The government is adamant that the framework for justice, the details of which Congress would develop, does not mean amnesty or impunity. Officials say justice would be delivered through investigations of systematic rebel crimes, atrocities deemed emblematic of a brutal conflict. The findings could then be made public through a special “truth commission” or in a report, though none of that has been decided.

Sergio Jaramillo, the government’s peace commissioner, said the central idea is to uncover the truth about what happened and determine responsibility.

Investigating every atrocity, officials argue, would amount to a de facto impunity because there is no way an overburdened judiciary would be able to clear up the countless crimes. Jaramillo argued before the court that by concentrating investigations on “those who are most responsible for international crimes, the better we will understand who were the sponsors” of atrocities.

But critics say that means many of the rank-and-file rebel fighters who committed crimes will not be judged, because the government plan calls for a focus on “the maximum ones responsible.” And the government and FARC commanders are this week negotiating the participation of rebels in politics once hostilities end, a point that is dividing Colombian society.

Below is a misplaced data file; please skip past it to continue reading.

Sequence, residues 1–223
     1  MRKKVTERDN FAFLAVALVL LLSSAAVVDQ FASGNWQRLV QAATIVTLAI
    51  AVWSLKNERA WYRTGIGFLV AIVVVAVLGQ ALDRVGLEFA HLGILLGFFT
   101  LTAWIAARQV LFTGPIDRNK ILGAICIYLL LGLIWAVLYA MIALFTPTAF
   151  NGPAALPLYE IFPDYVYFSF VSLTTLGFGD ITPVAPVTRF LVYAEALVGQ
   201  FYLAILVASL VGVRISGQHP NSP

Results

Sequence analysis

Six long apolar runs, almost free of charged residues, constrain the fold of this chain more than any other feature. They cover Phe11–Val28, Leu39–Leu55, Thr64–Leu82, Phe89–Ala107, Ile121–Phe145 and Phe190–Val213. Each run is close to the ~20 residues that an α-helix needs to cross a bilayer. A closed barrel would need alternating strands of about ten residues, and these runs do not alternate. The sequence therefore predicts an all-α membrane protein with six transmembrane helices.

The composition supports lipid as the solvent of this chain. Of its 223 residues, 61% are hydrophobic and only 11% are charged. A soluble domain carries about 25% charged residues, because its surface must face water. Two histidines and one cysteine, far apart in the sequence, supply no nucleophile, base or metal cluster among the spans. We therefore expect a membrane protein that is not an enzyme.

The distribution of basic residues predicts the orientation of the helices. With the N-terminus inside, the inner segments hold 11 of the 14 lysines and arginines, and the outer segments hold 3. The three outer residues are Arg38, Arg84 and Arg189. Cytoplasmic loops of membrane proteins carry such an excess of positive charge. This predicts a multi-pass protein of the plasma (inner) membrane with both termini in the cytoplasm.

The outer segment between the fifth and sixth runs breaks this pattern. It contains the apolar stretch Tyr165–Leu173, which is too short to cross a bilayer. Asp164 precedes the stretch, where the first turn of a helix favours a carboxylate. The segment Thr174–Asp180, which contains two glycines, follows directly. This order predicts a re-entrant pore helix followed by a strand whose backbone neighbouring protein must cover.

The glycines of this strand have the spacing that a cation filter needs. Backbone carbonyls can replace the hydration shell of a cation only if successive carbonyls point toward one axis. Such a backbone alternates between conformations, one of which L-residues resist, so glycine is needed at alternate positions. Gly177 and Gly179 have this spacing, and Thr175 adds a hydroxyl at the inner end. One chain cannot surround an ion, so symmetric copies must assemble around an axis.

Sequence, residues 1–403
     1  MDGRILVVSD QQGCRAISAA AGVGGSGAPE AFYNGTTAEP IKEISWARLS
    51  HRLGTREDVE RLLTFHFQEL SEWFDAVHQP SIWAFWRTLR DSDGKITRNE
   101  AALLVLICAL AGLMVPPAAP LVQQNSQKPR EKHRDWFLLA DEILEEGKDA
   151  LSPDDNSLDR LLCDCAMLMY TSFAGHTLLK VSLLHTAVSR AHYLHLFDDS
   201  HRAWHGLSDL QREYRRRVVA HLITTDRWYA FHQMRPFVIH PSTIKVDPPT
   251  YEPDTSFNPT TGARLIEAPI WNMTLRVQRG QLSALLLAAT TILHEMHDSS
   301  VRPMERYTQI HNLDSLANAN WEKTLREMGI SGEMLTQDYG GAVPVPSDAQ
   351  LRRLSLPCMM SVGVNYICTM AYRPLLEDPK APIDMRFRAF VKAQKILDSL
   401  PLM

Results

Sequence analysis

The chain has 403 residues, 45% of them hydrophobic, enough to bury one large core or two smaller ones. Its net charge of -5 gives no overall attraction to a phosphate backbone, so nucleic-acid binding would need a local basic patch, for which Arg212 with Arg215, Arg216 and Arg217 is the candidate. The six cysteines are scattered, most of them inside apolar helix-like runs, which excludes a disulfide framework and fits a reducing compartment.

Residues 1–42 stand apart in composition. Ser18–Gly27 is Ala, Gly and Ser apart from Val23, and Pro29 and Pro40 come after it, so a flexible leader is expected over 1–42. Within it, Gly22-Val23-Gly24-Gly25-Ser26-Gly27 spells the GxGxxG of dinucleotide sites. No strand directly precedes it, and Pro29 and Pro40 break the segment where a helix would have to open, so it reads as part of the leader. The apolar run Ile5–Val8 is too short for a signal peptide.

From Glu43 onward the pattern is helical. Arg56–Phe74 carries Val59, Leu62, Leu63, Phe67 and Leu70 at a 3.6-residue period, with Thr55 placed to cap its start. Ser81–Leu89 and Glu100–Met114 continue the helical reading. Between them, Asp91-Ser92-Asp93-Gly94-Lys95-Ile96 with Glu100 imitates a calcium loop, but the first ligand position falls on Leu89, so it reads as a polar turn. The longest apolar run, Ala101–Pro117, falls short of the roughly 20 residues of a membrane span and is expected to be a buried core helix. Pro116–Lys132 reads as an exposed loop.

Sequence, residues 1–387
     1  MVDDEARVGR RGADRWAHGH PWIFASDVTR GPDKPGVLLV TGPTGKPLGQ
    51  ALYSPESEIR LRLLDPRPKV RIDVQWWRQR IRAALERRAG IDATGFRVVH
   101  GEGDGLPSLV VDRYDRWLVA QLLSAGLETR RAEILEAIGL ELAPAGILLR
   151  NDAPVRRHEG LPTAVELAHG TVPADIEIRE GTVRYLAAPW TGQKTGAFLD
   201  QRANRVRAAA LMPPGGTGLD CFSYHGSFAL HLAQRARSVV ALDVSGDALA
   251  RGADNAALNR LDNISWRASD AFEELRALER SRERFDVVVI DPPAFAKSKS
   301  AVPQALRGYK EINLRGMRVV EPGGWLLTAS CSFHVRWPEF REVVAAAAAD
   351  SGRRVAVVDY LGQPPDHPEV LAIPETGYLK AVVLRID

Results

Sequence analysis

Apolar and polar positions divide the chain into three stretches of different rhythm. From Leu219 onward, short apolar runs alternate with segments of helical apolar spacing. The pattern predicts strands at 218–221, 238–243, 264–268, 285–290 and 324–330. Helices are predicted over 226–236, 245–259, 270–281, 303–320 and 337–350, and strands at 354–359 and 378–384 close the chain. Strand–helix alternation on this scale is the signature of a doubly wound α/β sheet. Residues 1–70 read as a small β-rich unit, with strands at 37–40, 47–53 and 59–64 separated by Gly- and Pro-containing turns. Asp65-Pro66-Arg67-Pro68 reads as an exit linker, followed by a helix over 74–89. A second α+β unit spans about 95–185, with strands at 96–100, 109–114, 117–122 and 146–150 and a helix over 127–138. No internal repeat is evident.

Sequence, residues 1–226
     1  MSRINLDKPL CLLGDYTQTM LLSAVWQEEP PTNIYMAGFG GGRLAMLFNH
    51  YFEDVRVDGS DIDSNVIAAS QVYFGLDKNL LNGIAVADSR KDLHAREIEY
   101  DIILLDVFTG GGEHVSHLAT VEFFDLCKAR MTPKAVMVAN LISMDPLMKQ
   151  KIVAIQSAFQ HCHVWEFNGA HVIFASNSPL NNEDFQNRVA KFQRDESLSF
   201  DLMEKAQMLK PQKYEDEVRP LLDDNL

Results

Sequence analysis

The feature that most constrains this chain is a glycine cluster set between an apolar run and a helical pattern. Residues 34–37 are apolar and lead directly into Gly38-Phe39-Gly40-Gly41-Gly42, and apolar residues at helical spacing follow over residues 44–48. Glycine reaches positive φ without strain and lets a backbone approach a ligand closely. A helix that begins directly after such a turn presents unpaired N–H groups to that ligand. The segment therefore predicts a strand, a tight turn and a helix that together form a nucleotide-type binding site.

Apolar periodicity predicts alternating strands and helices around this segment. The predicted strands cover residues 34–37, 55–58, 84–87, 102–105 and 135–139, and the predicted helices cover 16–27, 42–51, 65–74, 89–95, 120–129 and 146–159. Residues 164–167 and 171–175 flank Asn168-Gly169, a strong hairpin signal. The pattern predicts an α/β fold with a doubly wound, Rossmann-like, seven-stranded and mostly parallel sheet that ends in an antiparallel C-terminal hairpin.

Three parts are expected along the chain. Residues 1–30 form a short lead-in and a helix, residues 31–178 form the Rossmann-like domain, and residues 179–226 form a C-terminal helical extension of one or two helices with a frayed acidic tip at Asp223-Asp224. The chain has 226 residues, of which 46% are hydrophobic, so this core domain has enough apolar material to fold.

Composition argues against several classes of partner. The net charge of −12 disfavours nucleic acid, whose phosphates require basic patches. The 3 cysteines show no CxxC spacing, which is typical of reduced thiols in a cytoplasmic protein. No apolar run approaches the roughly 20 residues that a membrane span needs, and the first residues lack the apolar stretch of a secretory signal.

None of it sits well with Yolanda Gonzalez, 44, whose brother, Ruben Gonzalez, was shot to death by the FARC in 2002. The rebels also forced her off her farm, and she and her five children had to spend two years living under a tarp in a camp for farmers displaced by the conflict.

“So many years pushing people off their farms, killing people, and now the government gives them participation in politics?” she asked, incredulous. “I think not. They should pay for what they did.”

The chief prosecutor for the International Criminal Court in the Hague recently wrote two pointed letters to the constitutional court here expressing concern that the government’s mechanisms for delivering justice could “invalidate” the peace process.

Fatou Bensouda of Gambia wrote that the suspended sentences the Colombian framework could permit suggest that the objective is to “shield the accused from responsibility.”

Among those who presented an amicus brief to the court against the framework was JoséMiguel Vivanco, the Americas director of Human Rights Watch, who said that “Colombia clearly needs to offer some kind of legal benefits to the FARC.” But Vivanco said that “there are certain non-negotiable limits on how much Colombia can concede in the name of peace.”

The government, though, says the framework must be seen in broader terms — that it is part of a peace deal that, if successful, would mean lives saved and a more robust economy that would improve living standards. The end of hostilities, in which the FARC guerrillas would voluntarily submit themselves to being investigated, would shine a light on crimes that were committed.

“The conflict has not yet ended,” Santos said recently, “and it’s with the end of the conflict that will come the hour of truth.”